Yesterday saw the launch of a book entitled “Youth In Kenya: A Ticking Time Bomb” which is co-authored by a friend. The book looks at the challenge and job opportunities for the youth in Kenya, in terms of incentives, appropriate skills, cost of business, and new jobs for the youth, who one guest described as only interested in watching English soccer matches in the villages.
- Kenya’s education system was designed by the British to be a source of raw materials and cheap labour.
- Education CS Fred Matiangi: No other sub-Saharan Africa has put the resources in education that Kenya has in 50 years, and with 290 technical education institutions, there will be one in every constituency.
- George Njenga: There are over 70,000 skilled Kenyans working in South Africa. It is important to look at the training of teachers, so that they also impact good foundation and lessons to the youth and Strathmore Business School has started on that.
- Jonathan Mueke: There have to be standards in the Jua Kali sector – thousands of people produce hoes (jembes) that won’t dig, and which Nakumatt (a large supermarket chain) cannot sell.
- FT Nyammo: We have thousands of available jobs to be done in the coffee, tea, and dairy sectors in rural Kenya, but no youth are willing to do them as they consider them to be menial. Also, the Jua Kali sector provides 80% of employment when the economy is good, and the government should channel incentives there to create more Manu Chandarias! (one of Kenya’s most renowned industrial entrepreneurs)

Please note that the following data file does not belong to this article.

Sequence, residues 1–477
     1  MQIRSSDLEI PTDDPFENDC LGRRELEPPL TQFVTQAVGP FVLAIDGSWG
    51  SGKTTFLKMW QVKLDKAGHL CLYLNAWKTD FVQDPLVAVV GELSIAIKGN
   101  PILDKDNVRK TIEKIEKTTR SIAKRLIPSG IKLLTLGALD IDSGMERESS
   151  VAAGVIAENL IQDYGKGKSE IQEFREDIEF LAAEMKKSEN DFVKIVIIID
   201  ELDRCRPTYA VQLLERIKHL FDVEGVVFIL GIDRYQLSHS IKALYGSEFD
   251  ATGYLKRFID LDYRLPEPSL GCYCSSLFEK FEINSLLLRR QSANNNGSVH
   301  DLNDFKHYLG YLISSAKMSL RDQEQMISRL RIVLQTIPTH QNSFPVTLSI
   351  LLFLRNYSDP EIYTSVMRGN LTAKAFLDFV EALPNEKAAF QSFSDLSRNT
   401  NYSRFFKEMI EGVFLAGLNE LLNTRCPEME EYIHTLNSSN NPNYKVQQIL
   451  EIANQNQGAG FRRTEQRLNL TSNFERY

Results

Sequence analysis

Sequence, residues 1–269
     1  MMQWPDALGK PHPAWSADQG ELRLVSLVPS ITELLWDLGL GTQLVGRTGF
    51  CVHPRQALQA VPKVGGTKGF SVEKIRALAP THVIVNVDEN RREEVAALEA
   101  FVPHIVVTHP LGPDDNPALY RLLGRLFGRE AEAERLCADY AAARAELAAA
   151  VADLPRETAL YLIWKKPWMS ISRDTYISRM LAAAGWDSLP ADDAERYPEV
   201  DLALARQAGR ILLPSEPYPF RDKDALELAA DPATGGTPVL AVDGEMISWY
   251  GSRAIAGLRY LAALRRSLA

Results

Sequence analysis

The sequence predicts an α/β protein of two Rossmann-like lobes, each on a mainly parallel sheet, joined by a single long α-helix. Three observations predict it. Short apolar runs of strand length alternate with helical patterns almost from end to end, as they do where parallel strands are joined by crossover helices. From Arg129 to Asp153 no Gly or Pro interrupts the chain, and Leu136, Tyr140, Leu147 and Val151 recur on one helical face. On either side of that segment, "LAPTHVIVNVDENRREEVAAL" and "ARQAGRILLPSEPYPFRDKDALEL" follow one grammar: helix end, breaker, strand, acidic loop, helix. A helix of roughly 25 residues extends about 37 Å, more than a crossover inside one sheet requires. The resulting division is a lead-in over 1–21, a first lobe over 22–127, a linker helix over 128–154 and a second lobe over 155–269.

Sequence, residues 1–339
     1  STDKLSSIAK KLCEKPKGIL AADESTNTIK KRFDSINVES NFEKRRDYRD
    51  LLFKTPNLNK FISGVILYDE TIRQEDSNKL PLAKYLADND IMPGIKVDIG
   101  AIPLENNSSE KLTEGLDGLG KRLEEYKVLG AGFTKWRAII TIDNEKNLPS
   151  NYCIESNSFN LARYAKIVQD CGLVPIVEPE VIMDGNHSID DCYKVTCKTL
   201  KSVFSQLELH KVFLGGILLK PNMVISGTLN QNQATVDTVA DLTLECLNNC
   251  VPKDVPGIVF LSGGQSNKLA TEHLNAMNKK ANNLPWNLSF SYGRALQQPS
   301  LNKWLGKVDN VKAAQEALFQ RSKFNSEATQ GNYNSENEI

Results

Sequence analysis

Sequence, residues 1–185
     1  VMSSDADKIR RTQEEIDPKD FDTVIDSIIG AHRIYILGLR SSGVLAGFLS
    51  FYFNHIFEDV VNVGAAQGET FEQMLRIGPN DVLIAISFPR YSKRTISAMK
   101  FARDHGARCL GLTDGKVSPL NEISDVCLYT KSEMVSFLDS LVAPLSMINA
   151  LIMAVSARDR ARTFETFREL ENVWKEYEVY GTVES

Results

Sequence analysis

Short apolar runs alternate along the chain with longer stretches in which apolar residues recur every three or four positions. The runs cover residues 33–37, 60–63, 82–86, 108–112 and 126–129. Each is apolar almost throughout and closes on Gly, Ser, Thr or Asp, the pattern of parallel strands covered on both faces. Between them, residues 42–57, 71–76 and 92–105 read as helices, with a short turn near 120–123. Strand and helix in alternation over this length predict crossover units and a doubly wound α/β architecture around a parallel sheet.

One of the books’ main authors says he was inspired by media stories from last July, which described the Kenya Judiciary and Ports Authority as being were overwhelmed by job applicants; some had received 80,000 applications for 1,000 jobs advertised and even had stampedes at their offices.
The book was published by Longhorn and sells for Kshs 900 ($10). It’s a non-academic book edited for everyone to read.
Aside from this, last week, the KCB (Bank) Group launched “2JIAJIRI”, a KShs. 50 billion job creation program under they committed to “set aside Kshs.10 billion annually in the next five years towards driving this enterprise development programme over the funds which will be used largely to support small and medium businesses run by the youth.” They hope to “reach 500,000 entrepreneurs (both existing and new ones) in 5 years, thereby creating at least 2.5 million direct and indirect jobs.”